The eID cards cost €37 and are issued for a period of 10 years. 

While these aren’t considered valid travel documents, they can be used to prove your ID within Germany, for example at vending machines or self-service terminals in local public offices. 

General information about the eID card for EU/EEA citizens can be found here. If you’d like to know more about the digital function and how to use it, see our recent explainer here:

What is Germany’s electronic ID card and how do you use it?

Member comments

  1. It has been a complete disaster having to carry all our passports nearly EVERWHERE we go to do practically anything. Especially for my kids. If they lose them, we’re in a heap of trouble as it takes 6-8 weeks to get a new one and getting an appointment at a local embassy or consulate is difficult. We, Americans, are not accustomed to it. We usually use our driver’s licenses, military IDs, or work badges to prove identity. Passports are meant for cross-border identification and this is crazy to us.

    1. Why do you carry your passport? I’m also American. I carry my and my children’s residence permits (Aufehaltstitel) unless we travel outside Germany.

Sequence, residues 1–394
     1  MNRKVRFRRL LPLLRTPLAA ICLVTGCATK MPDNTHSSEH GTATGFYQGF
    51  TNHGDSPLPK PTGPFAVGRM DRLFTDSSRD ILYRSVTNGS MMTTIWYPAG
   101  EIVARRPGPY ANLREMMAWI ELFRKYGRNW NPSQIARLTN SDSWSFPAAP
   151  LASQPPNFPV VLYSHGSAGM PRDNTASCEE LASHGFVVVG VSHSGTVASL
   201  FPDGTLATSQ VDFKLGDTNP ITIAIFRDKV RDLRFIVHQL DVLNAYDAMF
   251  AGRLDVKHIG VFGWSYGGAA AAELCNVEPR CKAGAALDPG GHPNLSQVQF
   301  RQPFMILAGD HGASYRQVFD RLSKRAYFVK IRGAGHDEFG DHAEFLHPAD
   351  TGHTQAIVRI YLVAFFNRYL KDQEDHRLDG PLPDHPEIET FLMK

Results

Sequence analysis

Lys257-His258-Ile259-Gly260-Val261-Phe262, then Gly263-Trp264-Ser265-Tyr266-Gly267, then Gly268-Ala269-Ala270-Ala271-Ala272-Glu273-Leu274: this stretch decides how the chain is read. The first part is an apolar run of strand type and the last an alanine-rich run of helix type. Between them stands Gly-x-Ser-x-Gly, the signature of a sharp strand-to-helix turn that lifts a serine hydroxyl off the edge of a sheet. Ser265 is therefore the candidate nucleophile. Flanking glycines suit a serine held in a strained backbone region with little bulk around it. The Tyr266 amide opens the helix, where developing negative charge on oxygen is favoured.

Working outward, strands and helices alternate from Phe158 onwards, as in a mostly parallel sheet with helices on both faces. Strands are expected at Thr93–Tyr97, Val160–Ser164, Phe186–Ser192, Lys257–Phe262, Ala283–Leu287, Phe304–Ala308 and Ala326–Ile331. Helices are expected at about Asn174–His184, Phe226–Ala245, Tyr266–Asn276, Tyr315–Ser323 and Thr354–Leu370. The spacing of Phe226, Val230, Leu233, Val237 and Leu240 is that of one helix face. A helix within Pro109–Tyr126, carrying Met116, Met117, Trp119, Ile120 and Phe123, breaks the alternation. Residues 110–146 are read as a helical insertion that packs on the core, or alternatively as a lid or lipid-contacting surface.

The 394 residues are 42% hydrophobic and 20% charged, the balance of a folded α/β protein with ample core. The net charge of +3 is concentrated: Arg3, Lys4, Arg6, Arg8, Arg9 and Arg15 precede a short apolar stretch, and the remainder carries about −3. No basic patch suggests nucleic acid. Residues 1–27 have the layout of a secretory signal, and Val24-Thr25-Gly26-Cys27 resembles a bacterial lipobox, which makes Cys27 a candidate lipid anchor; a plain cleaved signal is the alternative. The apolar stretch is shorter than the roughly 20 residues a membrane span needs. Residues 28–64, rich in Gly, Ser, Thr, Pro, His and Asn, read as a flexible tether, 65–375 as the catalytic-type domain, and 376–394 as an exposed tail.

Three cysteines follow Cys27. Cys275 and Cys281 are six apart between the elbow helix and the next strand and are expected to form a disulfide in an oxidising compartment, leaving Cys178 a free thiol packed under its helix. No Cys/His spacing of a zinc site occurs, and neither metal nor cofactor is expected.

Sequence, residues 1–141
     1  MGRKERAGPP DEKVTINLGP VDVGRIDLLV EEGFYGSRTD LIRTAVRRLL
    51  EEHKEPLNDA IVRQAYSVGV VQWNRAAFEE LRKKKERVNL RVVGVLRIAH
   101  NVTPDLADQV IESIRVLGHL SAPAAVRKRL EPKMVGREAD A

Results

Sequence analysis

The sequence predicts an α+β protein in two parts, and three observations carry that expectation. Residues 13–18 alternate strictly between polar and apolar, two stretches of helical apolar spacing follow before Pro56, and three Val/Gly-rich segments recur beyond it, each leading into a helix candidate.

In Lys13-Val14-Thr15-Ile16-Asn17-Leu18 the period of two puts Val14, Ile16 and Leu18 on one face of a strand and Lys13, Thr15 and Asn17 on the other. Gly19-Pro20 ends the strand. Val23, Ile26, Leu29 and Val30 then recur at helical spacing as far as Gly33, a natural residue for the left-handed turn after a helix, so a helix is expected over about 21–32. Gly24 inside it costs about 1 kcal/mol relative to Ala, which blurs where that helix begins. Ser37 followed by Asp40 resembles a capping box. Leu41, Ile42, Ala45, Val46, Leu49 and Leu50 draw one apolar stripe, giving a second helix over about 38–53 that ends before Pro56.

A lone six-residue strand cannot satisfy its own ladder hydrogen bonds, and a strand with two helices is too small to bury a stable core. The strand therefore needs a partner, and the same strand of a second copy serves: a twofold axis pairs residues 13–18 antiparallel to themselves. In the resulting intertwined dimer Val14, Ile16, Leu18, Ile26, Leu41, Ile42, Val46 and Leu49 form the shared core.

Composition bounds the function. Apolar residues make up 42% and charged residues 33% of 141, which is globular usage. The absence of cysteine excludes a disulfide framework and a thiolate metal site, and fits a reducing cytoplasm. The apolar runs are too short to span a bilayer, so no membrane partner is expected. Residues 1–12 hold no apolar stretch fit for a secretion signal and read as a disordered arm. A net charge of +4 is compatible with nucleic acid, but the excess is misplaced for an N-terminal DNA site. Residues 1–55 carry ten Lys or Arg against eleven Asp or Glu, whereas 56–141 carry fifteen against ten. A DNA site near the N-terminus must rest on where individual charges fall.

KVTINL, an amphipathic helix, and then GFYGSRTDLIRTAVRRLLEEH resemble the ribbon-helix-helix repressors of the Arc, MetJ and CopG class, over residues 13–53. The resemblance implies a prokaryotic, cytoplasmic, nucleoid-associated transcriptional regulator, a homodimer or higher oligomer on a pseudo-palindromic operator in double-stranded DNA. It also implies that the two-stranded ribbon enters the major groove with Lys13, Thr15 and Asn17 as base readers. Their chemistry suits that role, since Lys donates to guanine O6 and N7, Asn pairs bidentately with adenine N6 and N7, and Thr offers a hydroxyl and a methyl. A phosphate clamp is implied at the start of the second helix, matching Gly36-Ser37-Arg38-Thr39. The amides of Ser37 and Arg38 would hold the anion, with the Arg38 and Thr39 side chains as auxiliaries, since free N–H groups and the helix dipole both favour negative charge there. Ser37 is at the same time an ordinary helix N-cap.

1. We don’t have residence permits because we are here with NATO. We have SOFA visas stamped in our passports. Military IDs don’t work nor do driver’s licenses. Only the passport.

        1. Ah, ok. I was trying to figure out how someone outside the EU could stay more than 90 days without a residence permit. Makes sense now.

    2. I recently got my passport card (US) and carry that instead of my actual passport. It’s been a lifesaver since it fits nicely in a pocket or wallet.

      I’ve used it twice so far without issue. Perhaps that could help your situation, at least a little bit.

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For members

READER QUESTIONS

Reader question: Is it ever too hot to work from home in Germany?

Germany has regulations on working during a heatwave - but does that also apply to people who work remotely? We take a look.

Reader question: Is it ever too hot to work from home in Germany?

The number of people working from home shot up during the Covid pandemic, and though employees no longer have the right to work remotely by law, many have chosen to stick with more flexible arrangements and set up a home office at least part of the week.

This is great news for people who enjoy a lie-in more than a long commute, but there are some downsides. One major issue is that it’s not always clear how Germany’s strict employee protection rules actually apply in a home setting. The rules for working during a heatwave are a good example of this.

How does Germany regulate working in extreme heat? 

By law in Germany, employers are responsible for creating a safe environment for their workers. This means that they should try and keep the temperature below 26C at all times and are legally obliged to take action if the temperature goes above 30C.